Taking Time

The calendar provides us with all sorts of baked-in milestone moments, and though we don’t require such moments (holidays, birthdays, etc) to pause, assess, try new things, and make changes to how we live our lives (based on those assessments and experiments), it certainly doesn’t hurt to have these latent, potential-laden periods sprinkled throughout the year, ready to be leveraged for whatever purposes we choose.

I’m personally trying something new in these final, waning days of 2023: I’m taking a whole week off, intending to spend that time in calm, quiet reflection, and to work on the new book I’m writing.

(Which in practice means I’ll probably manage a little calmness and some amount of writing, but will mostly accomplish a bunch of other things that pop-up and demand my attention, instead.)

This “taking time off” thing isn’t easy for me, and I haven’t taken a full week off in…maybe ever?

I’ve taken a few days here and there in recent years, but even those days have usually been planned for periods in which I don’t have any significant work to do, anyway, and in most cases I just front-loaded the work so that I performed all the same labor, I just redistributed it so that I was overworked leading up to a brief period of being underworked.

So we’ll see how this goes; I’ve moved a few things around to account for this shift, but I’m trying to defy my tendency to just chronologically redistribute my labor instead of taking real-deal time for myself, and hoping against hope that folks on the receiving end of my work aren’t too annoyed or put-off by this effort.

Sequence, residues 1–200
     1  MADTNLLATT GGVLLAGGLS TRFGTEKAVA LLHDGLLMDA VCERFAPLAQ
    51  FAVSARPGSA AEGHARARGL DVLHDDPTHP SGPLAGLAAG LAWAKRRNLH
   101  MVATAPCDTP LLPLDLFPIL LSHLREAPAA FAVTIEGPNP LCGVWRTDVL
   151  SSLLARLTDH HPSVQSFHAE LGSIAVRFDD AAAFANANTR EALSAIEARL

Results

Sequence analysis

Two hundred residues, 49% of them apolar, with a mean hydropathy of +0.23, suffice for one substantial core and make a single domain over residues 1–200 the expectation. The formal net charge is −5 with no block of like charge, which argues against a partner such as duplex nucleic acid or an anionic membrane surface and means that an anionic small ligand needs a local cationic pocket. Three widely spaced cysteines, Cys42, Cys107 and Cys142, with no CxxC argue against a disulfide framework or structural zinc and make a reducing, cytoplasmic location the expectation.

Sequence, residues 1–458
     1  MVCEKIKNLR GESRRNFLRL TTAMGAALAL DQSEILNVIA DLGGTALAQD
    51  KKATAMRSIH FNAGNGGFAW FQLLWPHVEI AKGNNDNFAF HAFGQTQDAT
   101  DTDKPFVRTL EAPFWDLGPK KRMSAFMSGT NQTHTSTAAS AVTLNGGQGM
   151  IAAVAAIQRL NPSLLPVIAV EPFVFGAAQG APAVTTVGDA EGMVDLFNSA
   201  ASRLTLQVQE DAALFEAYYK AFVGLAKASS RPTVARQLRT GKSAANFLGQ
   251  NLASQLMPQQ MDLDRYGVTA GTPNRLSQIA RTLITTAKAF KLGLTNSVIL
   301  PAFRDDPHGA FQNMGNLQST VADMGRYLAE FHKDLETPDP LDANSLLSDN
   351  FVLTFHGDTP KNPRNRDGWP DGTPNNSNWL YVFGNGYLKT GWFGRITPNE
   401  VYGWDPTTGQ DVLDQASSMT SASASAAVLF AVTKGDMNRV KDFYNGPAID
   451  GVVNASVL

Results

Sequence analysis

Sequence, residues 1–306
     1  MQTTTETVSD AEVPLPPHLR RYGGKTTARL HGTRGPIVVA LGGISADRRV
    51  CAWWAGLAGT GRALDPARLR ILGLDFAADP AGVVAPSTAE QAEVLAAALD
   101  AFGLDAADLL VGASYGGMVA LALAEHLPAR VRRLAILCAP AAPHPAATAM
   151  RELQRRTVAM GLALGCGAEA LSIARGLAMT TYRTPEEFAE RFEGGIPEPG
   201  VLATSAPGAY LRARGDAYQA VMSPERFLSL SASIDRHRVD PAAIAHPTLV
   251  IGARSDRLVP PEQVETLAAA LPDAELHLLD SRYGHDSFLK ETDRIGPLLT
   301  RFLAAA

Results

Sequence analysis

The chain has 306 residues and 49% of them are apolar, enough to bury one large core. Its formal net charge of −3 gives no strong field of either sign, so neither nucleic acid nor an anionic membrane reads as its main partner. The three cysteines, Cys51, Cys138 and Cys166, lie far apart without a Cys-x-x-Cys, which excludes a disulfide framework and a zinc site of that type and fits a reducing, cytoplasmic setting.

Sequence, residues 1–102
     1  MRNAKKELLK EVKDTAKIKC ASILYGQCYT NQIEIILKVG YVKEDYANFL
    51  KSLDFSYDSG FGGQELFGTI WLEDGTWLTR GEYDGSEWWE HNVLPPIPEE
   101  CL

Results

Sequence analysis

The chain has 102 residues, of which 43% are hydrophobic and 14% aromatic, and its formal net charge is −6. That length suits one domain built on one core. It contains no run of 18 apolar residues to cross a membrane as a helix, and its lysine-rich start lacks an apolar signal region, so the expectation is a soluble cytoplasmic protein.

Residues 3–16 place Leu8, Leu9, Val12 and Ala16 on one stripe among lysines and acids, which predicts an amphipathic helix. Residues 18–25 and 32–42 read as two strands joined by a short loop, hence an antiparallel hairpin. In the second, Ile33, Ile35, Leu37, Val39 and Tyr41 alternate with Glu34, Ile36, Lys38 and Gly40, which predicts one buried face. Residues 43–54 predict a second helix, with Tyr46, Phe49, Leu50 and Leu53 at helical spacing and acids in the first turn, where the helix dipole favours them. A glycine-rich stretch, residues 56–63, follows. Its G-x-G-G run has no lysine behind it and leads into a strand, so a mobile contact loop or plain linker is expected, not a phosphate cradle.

In other news, I’ve soft-launched a little online store that I’m planning to build-out and evolve in the coming year.

The goal is to make this my central, online hub for the many things I currently make, while also serving as fresh soil for new, weird, pop-up projects I can then display on the same e-shelves.

My books will continue to be available everywhere, but this home base has the advantage of costing me less to operate: there’s a relatively small payment processing fee on every sale, but I won’t have to pay the additional platform fees (10%+) most other online stores charge.

The downside of this approach is that the platform I’m using (a new-ish Shopify competitor that gave me a deal because of that new-ness) is still pretty green, kind of ugly, and has required (and will probably continue to necessitate) a fair bit of effort to whip into suitable shape.

The upside is that it seems to do all the things I need it to do and should allow me to offer physical goods as well as digital ones (alongside those aforementioned “not bleeding me dry, monetarily” benefits).

(Speaking of which: if I were to make signed paperback copies of my books available on this little shop of mine, would you be interested? That’s one of the initial, next-step categories of things I’m considering popping up there, alongside possibly some artwork, zines, and similarly out-there (but fun for me) goods.)

So that effort, alongside some other (grinding, tedious, not-fun) platform-consolidation and recalibration reshuffling I’ve been doing in the background, should help me do more of the work I’d like to be doing this upcoming year, in terms of making and sharing things—which lines up with my philosophy of optimizing for more options whenever possible.

That may or may not be how things turn out, but sometimes all you can do is till the soil, plant the seeds, and hope for the best.





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